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Quickly Provision Three VMs with Vagrant

Vagrant is a popular tool for developers to easily manage virtual machines. It provides a convenient way to create, configure and manage virtual environments. In this tutorial, we will walk through the process of creating a Vagrantfile to spin up three virtual machines in a private network. The virtual machines will use the following boxes:

  • generic/rocky9
  • generic/ubuntu2010
  • generic/arch

Prerequisites

Setting up a Private Network

In Vagrant, a private network allows virtual machines to communicate with each other while being isolated from the host machine and other networks. To create a private network, we can use the config.vm.network configuration in the Vagrantfile.

Vagrant.configure("2") do |config|
  config.vm.box = "generic/rocky9"
  config.vm.network "private_network", ip: "192.168.33.10"
end

In this example, we set the box to generic/rocky9 and specify a private network with an IP address of 192.168.33.10.

Adding Multiple VMs

To add multiple virtual machines to the same private network, we can use the config.vm.define block to specify the name of each virtual machine and its configuration.

Vagrant.configure("2") do |config|
  config.vm.define "rocky9" do |rocky9|
    rocky9.vm.box = "generic/rocky9"
    rocky9.vm.network "private_network", ip: "192.168.33.10"
  end

  config.vm.define "ubuntu2010" do |ubuntu2010|
    ubuntu2010.vm.box = "generic/ubuntu2010"
    ubuntu2010.vm.network "private_network", ip: "192.168.33.11"
  end

  config.vm.define "arch" do |arch|
    arch.vm.box = "generic/arch"
    arch.vm.network "private_network", ip: "192.168.33.12"
  end
end

In this example, we define three virtual machines named rocky9, ubuntu2010 and arch. Each virtual machine has a unique IP address within the same private network.

Provisioning the VMs

Vagrant also provides a way to automate the configuration and setup of virtual machines through provisioning. This can be done with shell scripts, Ansible playbooks, Chef cookbooks, and more. For this tutorial, we will use a simple shell script.

Vagrant.configure("2") do |config|
  config.vm.define "rocky9" do |rocky9|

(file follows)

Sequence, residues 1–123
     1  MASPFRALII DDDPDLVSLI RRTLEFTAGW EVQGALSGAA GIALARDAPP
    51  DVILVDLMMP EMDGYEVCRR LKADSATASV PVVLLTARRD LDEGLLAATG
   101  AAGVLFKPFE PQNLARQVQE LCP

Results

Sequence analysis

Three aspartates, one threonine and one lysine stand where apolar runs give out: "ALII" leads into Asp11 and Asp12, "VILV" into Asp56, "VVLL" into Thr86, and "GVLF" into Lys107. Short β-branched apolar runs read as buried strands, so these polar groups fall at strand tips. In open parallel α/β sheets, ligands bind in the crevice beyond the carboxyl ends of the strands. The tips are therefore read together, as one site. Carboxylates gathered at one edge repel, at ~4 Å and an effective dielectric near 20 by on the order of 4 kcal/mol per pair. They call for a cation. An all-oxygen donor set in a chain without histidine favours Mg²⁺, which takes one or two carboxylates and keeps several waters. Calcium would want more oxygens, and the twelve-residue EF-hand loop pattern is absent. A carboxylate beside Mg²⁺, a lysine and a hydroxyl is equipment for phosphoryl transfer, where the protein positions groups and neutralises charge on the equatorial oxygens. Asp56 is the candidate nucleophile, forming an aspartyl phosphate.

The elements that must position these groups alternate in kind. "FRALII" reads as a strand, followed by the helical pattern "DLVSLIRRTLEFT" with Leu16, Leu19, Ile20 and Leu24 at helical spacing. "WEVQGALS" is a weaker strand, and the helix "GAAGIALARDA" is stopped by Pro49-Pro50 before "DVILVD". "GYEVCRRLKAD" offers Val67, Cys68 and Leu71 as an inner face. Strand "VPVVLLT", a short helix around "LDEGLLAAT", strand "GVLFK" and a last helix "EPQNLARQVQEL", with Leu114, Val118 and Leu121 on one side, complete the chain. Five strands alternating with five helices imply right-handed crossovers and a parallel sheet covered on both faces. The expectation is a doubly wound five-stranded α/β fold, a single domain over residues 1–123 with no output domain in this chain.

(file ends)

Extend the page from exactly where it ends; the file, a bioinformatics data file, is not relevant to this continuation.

rocky9.vm.box = "generic/rocky9"
    rocky9.vm.network "private_network", ip: "192.168.33.10"
    rocky9.vm.provision "shell", inline: <<-SHELL
      echo "Updating package manager for Rocky9"
      sudo dnf update -y
      sudo dnf upgrade -y
    SHELL
  end

  config.vm.define "ubuntu2010" do |ubuntu2010|
    ubuntu2010.vm.box = "generic/ubuntu2010"
    ubuntu2010.vm.network "private_network", ip: "192.168.33.11"
    ubuntu2010.vm.provision "shell", inline: <<-SHELL
      echo "Updating package manager for Ubuntu2010"
      sudo apt update -y
      sudo apt upgrade -y
    SHELL
  end

  config.vm.define "arch" do |arch|
    arch.vm.box = "generic/arch"
    arch.vm.network "private_network", ip: "192.168.33.12"
    arch.vm.provision "shell", inline: <<-SHELL
      echo "Updating package manager for Arch"
      sudo pacman -Syu
    SHELL
  end
end

In this example, we added a provisioning script for each virtual machine that updates and upgrades the package manager for each operating system.

5 Tips for Creating a Vagrantfile

  1. Start simple and add complexity as needed.
  2. Use version control to keep track of changes to your Vagrantfile.
  3. Test your Vagrantfile on different hosts and providers to ensure compatibility.
  4. Use provisioning scripts to automate the setup and configuration of your virtual machines.
  5. Take advantage of Vagrant’s built-in features, such as synced folders and port forwarding, to make development easier.

Summary

In this tutorial, we covered the process of creating a Vagrantfile to spin up three virtual machines in a private network. We used boxes generic/rocky9, generic/ubuntu2010 and generic/arch and provided a basic provisioning script for each virtual machine. We also provided 5 tips for creating a Vagrantfile.

For further reading, consider exploring advanced Vagrant features such as synced folders and port forwarding. Additionally, consider looking into provisioning tools such as Puppet, Ansible and Chef to automate the setup and configuration of your virtual machines.

Challenge

Try to spin up the virtual machines from the example Vagrantfile and verify that each virtual machine has the correct IP address and provisioning message.

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